My late mother, Princess Magogo ka Dinuzulu, was good friends with Mr Bond’s mother, and she spoke with great affection about Mr Bond Senior. He had been given a Zulu name, uMaqwithi. So my mother called Mr Norman Bond the son of uMaqwithi.
We admired the family tremendously, for they were not like any of the white families in Nongoma at the time. One must understand the depth of racial segregation that kept people apart both legally and psychologically.
When I served as Chief Executive Officer of the Zulu Territorial Authority, before the establishment of the KwaZulu Legislative Assembly, my offices were in Nongoma. As the seat of governance, Nongoma saw many Amakhosi coming here. They were always surprised when they met the son of uMaqwithi, for he showed them the same deference as our own people would.
That was unusual, for even the Zulu monarch commanded little respect from white people at that time. I recall the anger in the royal household when my uncle, Prince Mshiyeni ka Dinuzulu, used to go to Nongoma, and even children called him by his first name.
But during the reign of King Cyprian Bhekuzulu ka Solomon, the father of the present King, that wound was healed to some extend by the remarkable character of the son of uMaqwithi. His respect for our King and Amakhosi sparked a great friendship between Mr Bond and King Cyprian, so much so that the King’s son, our present Monarch, refers to Mr Bond as uBaba. The King said that George must be made to understand that he is his brother because Mr Bond was his father too.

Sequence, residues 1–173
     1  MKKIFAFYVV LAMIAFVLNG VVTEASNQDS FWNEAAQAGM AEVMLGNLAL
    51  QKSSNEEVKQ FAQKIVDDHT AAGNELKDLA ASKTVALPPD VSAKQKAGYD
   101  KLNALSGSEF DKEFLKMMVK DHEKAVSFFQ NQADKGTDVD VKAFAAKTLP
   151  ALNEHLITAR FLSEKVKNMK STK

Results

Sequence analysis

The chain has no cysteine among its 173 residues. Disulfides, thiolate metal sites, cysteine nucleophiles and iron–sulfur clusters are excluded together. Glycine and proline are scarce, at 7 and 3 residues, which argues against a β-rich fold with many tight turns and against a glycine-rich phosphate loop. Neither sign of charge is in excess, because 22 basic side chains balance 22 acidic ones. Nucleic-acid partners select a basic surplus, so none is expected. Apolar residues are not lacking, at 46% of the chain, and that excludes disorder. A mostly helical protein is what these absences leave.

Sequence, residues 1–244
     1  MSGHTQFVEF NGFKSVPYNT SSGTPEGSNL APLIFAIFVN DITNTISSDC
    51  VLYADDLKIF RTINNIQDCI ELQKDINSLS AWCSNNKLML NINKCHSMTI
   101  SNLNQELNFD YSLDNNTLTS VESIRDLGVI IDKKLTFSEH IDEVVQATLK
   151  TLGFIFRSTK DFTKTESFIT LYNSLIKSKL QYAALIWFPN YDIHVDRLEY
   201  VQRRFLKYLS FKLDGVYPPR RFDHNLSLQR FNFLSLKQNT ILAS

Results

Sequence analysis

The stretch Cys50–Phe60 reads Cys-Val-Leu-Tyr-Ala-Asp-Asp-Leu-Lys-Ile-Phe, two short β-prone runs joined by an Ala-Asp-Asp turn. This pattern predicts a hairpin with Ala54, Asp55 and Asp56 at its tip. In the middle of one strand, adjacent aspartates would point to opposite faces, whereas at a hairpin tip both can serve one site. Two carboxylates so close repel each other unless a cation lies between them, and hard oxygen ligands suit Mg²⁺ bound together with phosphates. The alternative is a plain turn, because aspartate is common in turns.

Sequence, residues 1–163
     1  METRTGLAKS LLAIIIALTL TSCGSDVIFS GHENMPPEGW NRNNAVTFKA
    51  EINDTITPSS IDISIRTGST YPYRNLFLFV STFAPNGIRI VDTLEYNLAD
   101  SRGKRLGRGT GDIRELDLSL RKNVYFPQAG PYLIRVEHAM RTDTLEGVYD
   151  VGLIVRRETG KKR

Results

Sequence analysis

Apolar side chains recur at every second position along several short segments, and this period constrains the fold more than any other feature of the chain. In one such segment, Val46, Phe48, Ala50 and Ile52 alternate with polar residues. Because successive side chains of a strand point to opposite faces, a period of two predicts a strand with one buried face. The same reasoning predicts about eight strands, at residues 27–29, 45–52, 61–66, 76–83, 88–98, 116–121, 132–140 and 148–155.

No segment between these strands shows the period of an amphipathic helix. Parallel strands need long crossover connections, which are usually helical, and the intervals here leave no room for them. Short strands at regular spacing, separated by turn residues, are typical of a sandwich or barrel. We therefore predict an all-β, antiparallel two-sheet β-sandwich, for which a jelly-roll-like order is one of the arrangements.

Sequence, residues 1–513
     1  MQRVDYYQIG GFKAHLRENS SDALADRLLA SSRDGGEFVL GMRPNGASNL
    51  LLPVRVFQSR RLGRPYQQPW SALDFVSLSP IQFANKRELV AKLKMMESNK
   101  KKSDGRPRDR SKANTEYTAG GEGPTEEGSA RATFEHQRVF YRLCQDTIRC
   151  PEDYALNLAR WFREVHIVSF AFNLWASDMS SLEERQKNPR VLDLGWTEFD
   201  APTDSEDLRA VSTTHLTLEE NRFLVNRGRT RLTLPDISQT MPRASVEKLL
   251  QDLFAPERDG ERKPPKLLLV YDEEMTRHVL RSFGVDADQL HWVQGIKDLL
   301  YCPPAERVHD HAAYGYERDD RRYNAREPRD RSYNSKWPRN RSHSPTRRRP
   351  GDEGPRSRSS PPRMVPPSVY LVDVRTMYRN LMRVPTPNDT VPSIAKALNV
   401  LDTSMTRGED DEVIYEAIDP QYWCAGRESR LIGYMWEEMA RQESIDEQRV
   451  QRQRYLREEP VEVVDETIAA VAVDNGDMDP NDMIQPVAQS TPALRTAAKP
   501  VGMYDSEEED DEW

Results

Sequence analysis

In a remote place like Nongoma, under the oppression of apartheid, finding someone like Norman Bond was quite exceptional. I think, for instance, of how the hotel in Nongoma, just like hotels all over South Africa, refused to serve black people. When I received a guest as head of the Zulu Territorial Authority, they grudgingly set up a table for me in the kitchen. That was the extent of the segregation that existed.